As we headed toward the lunch table, I realized why Roger hadn’t spent more time on the magpie-jay along the road.  A pair of these birds literally patrolled the open-air dining area, looking for unattended food or scraps or leftovers—anything they could steal.  (Members of the corvid—crow/raven—family, their behavior reminded me of a fellow corvid.  Gray Jays, who are also called “camp robbers” for this mooching behavior, are common “companions” in the mountains of Colorado.)  They perched in the rafters over the tables and swooped around at random intervals—random, at least to the human brain.  (Click on the photo to see a larger version of one of the pair keeping an eye on us from the edge of the dining area.  You’ll be able to see the curving topknot feathers on its head and the long tail.)   Watch your plates and your heads!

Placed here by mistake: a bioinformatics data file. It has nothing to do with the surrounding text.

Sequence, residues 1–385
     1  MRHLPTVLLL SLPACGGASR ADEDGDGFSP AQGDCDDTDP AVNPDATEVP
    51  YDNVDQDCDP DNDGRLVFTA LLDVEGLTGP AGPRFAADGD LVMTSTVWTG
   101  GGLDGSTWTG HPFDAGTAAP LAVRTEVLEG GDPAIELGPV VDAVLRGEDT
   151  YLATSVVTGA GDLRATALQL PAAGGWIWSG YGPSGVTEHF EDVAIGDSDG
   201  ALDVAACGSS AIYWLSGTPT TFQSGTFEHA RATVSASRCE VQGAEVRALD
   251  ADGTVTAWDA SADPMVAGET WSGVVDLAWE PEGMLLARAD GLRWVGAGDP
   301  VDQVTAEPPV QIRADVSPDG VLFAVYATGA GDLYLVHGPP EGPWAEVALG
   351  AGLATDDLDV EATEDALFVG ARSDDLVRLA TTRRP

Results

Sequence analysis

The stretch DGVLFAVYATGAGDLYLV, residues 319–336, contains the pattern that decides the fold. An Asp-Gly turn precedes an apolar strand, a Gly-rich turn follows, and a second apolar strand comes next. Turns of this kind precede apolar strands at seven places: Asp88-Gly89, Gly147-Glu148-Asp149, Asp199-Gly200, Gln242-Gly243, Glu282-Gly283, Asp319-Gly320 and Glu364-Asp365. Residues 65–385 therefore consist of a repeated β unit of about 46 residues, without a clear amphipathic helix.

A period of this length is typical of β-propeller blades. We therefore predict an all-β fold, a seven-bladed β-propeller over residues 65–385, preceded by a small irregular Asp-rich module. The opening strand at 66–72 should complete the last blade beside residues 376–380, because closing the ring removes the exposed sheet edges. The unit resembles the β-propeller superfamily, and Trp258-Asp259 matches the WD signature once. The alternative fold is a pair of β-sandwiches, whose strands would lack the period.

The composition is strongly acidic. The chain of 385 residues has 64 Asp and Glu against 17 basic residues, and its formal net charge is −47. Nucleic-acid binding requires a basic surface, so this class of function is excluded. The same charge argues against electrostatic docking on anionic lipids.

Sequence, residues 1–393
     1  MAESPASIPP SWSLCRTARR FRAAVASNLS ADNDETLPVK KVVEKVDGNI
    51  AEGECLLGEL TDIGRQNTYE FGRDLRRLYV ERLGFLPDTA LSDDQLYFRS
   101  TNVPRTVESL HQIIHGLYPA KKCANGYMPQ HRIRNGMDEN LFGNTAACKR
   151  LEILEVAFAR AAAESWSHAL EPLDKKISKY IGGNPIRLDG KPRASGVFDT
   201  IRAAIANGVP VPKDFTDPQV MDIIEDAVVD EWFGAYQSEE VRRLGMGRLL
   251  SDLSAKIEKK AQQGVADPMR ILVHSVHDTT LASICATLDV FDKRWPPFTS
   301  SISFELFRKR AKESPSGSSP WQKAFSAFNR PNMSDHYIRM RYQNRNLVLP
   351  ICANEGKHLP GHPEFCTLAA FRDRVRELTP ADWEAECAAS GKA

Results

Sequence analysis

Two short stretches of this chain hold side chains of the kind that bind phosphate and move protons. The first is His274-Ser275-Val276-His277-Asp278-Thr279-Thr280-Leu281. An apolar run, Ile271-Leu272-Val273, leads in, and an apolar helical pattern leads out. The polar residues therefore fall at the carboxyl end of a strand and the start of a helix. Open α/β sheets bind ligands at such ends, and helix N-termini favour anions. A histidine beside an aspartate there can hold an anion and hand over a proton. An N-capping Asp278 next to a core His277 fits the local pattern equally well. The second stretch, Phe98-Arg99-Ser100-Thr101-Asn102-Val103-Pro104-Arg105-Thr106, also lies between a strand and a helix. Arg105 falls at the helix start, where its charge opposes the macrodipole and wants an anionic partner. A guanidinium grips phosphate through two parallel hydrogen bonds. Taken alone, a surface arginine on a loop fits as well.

La Ensenada had a lovely setting.  We were in the group of duplex cabinas toward the dock.  Each porch came equipped with a hammock (left).  (And since it was so dry, La Ensenada provided a good opportunity for washing out some clothes—some of which are decorating our porch here.  They had a better-than-average-in-Costa-Rica chance of actually getting dry.)  Although Z tried out the hammock, I sat contentedly on the porch, taking in the beauty, avoiding the strong hot sun, and marveling at the refreshingly dry air—such a sharp contrast to our previous setting.  After a short stay in the hammock, Z headed over across the grounds to the swimming pool (right).  The grounds also included an extensive trail system; click the map below to see a larger version.